Archive for January, 2010


January 28, 2010

I knew that the ultimate package would be one that would not involve any cables or wires, or a big controller the size of a hi-fi amplifier.  But how to fit everything into a pair of eyewear??  There were some big stumbling blocks.  We couldn’t get a high enough dynamic range out of a single cell all by itself.  If we had to stack two of these shutters together, as we did in our headband visor, we would be using more power and have more weight.  Not good for wireless battery powered eyewear.  (more…)


January 27, 2010

CrystalEyes may turn out to be one of the most important products of the last few decades.  It’s self-serving to say so because I am the primary inventor of CrystalEyes and shuttering eyewear that may be the basis for 3D TV image selection.  The basic concept of shuttering eyewear for viewing stereoscopic images isn’t mine.  You can find mentions of it in the literature before my work began.  Missing from the early work were the elegant electro-optical shutters that we now have and a good communications link between the display and the eyewear. When CrystalEyes was designed in the mid-1980s infrared links were advanced and a good way to communicate between the video source and the eyewear.  Today you might also consider using Bluetooth or some other form of radio. (more…)


January 19, 2010

I went to school with Mel Siegel, a physisist at Carnegie Mellon.  I asked Mel for a simple explanation of polarized light in terms of quantum theory.  In this case that’s the construct that light can be explained in terms of it being a particle — a photon.  Here’s what he wrote: (more…)


January 18, 2010

If you take a left- and right-handed circular polarizer and you lay them on top of each other on a light box, you will see that they will extinguish the light.  Do the experiment by using the filters from a pair of glasses from a MasterImage or a Real D show and put the polarizers together so that the retarders are facing each other (those are the sides of the filters that are facing the screen). If you rotate one with respect to the other you will see that the extinction varies.  What’s going on here?  It’s circularly polarized light and you would think that you wouldn’t get a variation in extinction as you do for linear.  But you do get a variation and you will see that the image will go from pretty dark to, depending upon the material you’ve got, a sort of amber color that transmits more light. There is quite a noticeable variation in both density and color with rotation. So the head orientation does matter, except that the falloff isn’t as great as it is for linear polarized light. (You can also hold the filters sandwich up to a light source – like a desk lamp.) If you flip the filters around the other way so the retarders are facing outward you have linear polarizers and you can try rotating them to confirm that they work as described earlier. You will note that even for the circular case you perceive the extinction to be at a maximum when the linear axes components’ are at right angles.  (more…)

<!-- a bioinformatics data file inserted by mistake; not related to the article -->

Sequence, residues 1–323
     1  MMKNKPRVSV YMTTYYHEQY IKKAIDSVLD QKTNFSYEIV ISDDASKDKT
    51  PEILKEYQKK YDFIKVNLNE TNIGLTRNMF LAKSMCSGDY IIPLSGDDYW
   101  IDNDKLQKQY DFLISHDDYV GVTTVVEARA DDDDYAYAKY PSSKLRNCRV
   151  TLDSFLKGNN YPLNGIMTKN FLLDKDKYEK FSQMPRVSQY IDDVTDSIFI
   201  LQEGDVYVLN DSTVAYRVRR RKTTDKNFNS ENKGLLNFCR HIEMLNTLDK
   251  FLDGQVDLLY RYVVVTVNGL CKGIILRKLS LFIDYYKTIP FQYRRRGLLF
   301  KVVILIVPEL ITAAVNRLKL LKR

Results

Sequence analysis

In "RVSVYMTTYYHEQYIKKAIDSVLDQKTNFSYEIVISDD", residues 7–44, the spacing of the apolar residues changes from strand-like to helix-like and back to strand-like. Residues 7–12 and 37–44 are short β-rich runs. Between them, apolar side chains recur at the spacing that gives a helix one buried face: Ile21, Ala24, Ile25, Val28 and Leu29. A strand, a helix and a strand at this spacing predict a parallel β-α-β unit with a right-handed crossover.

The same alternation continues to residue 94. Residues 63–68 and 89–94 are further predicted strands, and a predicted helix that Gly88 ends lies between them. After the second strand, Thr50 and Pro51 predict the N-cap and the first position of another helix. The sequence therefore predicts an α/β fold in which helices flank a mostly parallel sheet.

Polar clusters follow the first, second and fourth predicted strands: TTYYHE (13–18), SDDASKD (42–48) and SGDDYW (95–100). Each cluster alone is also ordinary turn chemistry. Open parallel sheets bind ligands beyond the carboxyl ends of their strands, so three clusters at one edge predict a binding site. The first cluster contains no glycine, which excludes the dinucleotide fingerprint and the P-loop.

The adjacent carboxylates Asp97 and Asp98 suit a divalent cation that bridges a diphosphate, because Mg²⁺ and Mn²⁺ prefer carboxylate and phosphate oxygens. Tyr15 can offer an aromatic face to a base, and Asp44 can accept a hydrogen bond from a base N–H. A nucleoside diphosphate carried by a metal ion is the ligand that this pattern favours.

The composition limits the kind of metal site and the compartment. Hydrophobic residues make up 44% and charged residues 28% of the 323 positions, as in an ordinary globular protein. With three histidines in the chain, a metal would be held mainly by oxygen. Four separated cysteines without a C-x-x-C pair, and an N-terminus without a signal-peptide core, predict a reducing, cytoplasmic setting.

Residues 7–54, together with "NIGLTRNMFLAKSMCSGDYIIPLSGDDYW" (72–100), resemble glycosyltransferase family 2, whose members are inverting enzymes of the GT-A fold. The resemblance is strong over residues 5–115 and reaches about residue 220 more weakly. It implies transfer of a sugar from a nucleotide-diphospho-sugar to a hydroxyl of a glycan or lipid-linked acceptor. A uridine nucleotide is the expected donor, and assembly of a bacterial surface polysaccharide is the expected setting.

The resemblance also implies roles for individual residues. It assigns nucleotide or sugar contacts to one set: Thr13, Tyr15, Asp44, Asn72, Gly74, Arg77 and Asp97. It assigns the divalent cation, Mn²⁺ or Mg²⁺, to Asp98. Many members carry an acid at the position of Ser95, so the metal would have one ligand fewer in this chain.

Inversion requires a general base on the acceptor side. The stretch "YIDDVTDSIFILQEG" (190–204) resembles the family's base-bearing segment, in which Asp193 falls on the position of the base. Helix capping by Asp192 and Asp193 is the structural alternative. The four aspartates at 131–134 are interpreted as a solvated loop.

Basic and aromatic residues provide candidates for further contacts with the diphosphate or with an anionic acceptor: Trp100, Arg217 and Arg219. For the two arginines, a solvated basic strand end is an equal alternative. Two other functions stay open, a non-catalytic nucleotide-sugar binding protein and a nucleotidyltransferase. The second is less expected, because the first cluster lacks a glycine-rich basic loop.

January 15, 2010

A large percentage of light passes through when the filter’s axes are parallel and this is called transmission, and a smaller percentage of light passes through when the axes are at right angles and this is called extinction.  The ratio of the two is called the contrast ratio or the dynamic range.  For good linear (or as I said earlier, some people call it plane) sheet polarizers for stereoscopic applications, the materials used usually have transmission between 30 to 35 percent and the dynamic range is about 3000:1 for the lower transmission material. In other words, only 1/3000th of the light in transmission passes through when the axes of the polarizers are orthogonal (extinction).  For circular polarization the dynamic range is about a tenth of that for good linears.  (more…)


January 13, 2010

From the time I was kid to my student days as an undergraduate in physics my abiding passion was light and vision.  Since my earliest years I have been interested in creating images and in understanding the role that light plays in image creation.  As a student no other part of physics engaged me as much as the study of light.  (more…)


January 1, 2010

Touching history.


 I staggered off the Air France flight from Los Angeles to Charles de Gaulle Airport and I fell into the arms of Bernard Benoliel and Laurent Mannoni of the Cinémathèque Française and into their waiting taxicab.  Off we went through the streets of Paris – a grand blur – having had only a few hours of sleep in the past day,.  I’d like to be a really good traveler, but there is nothing I can do to hide the terror – or maybe, as Kurtz said, the horror.  Flying in a metal cylinder at 36,000 feet requires surrendering complete control to the pilot and the guys who designed the airplane – which is not necessarily easy to do, especially if you think about all the things that could possibly go wrong.  The bright side is that death would be instantaneous.  And the security measures at the airport are aggravating and not adequate, as has been lately demonstrated. But sitting there in the airplane, even if you’re in Business Class, leaves you feeling one-down because the guys in front of you are in First Class where it’s really comfortable.  (But of course there is the ultra-secret first class-plus that the first class passengers envy.) Business Class is a lot better than sitting in the cattle car.  At least the seats aren’t chipped and everything works, more or less.   (more…)